I try to keep posting, but sometimes life and trying to make a living get in the way. I've had so many ideas run through my head about what this post should be about, but very little time to actually blog it.

My mom, who reads several (or more) infertility blogs religiously, keeps me posted when I get behind and has also sent me a few interesting articles recently. So, I'd like to thank my mom for sending me material for this post!

First. Robber Barren over at Ovaries on Strike saw two heartbeats on her ultrasound this week! I wish her an easy pregnancy and healthy babies! (My daughter saw me reading the post and insisted on knowing why I was crying...)

Next. My war against stress has met a glitch... It seems that stress-induced-infertility does exist. Some of the headlines read "Cutting stress may boost fertility", "Stress could make women infertile" and "Learning how to beat stress could be the best infertility treatment". All of these headlines are somewhat misleading - it sounds like they are referring to all kinds of infertility. The headline that was most accurate was Behavioral Therapy May Help In Stress-Related Infertility. The study discusses women who stopped menstruating and ovulating - due to stress - and the effect of cognitive behavior therapy on their fertility. There's also a brief mention of the effect of stress on male fertility, but no specific data. The study performed by scientists at Emory University in Atlanta, Georgia only studied women whose infertility was caused by stress-induced amenorrhea.

Unbelievable. Another set of double-twins! I read and re-read this story trying to figure out why Tasha Riddle would opt for surrogacy after having 11 miscarriages. I guess they couldn't find anything wrong with the embryos and concluded that for some reason she could not carry a pregnancy. Anyway - Tasha's best friend, Raquel Mitola, offered to act as her surrogate. Both were implanted with embryos from Tasha's IVF cycle and both got pregnant - with twins! The two sets were born 8 days apart.

Twins are indeed a double blessing. Quads? I bet Tasha's going to stop deleting that Valium spam from her inbox any day now...

Sunday, June 11, 2006

A Few Donated Dollars

Believe me, my PayPal balance was nothing to write home about. I make a few bucks here and there by selling fertility tests on my Israeli (Hebrew) site ( I go through a complicated monthly process of changing the money into Shekels so that I can report it to my business and pay taxes... I always transfer an even amount, so that I sometimes end up with a few leftover bucks in the account.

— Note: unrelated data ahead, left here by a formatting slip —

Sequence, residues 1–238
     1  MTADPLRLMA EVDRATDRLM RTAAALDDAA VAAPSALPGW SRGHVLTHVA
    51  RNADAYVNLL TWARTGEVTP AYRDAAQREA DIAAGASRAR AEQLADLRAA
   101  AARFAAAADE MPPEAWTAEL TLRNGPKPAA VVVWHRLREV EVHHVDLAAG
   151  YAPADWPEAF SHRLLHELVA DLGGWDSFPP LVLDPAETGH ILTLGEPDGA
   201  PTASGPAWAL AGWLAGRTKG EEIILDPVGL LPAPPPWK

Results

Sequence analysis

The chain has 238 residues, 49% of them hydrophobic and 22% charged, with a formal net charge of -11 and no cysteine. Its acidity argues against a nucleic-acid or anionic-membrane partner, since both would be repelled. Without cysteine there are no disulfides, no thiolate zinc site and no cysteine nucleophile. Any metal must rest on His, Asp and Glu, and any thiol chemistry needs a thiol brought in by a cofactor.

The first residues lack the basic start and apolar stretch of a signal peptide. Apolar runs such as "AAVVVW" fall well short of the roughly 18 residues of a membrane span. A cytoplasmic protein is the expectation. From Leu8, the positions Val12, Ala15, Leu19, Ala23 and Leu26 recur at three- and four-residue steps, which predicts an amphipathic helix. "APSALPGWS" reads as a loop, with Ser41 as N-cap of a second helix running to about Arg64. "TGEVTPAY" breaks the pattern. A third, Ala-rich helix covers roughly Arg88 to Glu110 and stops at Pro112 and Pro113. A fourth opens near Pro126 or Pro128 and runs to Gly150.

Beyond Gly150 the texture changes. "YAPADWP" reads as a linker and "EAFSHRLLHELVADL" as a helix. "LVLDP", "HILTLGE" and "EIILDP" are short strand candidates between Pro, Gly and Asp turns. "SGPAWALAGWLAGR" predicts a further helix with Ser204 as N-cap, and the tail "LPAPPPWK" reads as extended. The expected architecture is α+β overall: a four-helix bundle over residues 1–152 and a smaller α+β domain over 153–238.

While reading an infertility blog, I came across a site with a donation link that I found irresistible, so I clicked the button and set my PayPal account back to an even zero.

It would be great if there were funding for everyone who needs fertility treatments, but since there isn't, I hope I that those who can help will. I hope I find more opportunities like this in the future and that sometime I'll be able to make a donation that will actually make a difference. Until then, this felt good :-)

If you can, try it!

Saturday, June 10, 2006

Keep Fighting the Stress Myth

I've said it before, but it's worth saying again. No woman going through infertility wants to hear the words, "just relax".

There are a lot of myths about infertility - this page of fertility myths on Ovusoft is one I love - it discusses the most common ones. As part of my quest for the truth, I've searched high & low for research on the effect of stress on infertility and have yet to find an article that claims to have found a direct connection between the two.

An article recently published here (ic Wales) discusses stress and infertility. The first few paragraphs seem to imply that stress is linked to infertility. It's only once you grit your teeth and get past that, that the article mentions that "it may not be the stress directly...". Another researcher who didn't actually find a link...

I've got one question (OK, two) - If stress were really an important factor in fertility, like something that changed your body's chemistry so that an embryo couldn't implant, how would so many IVF babies be born? What could be more stressful than that?

Sunday, June 04, 2006

Infertility Bloggers - Persephone Did It!

Wow! Persephone's long-awaited babies (nicknamed Aleph & Bet) have arrived:-)

It's amazing how happy you can be for someone you don't even know...

Here are a few other blogs I've come across. I'm putting up a list of soon - if you've got one, send it to me or add it in your comment.

A Little Pregnant
Project Genesis
In A Holding Pattern

Wishing Persephone & Lance a big Mazal Tov & hoping for a lot of happy stories :-)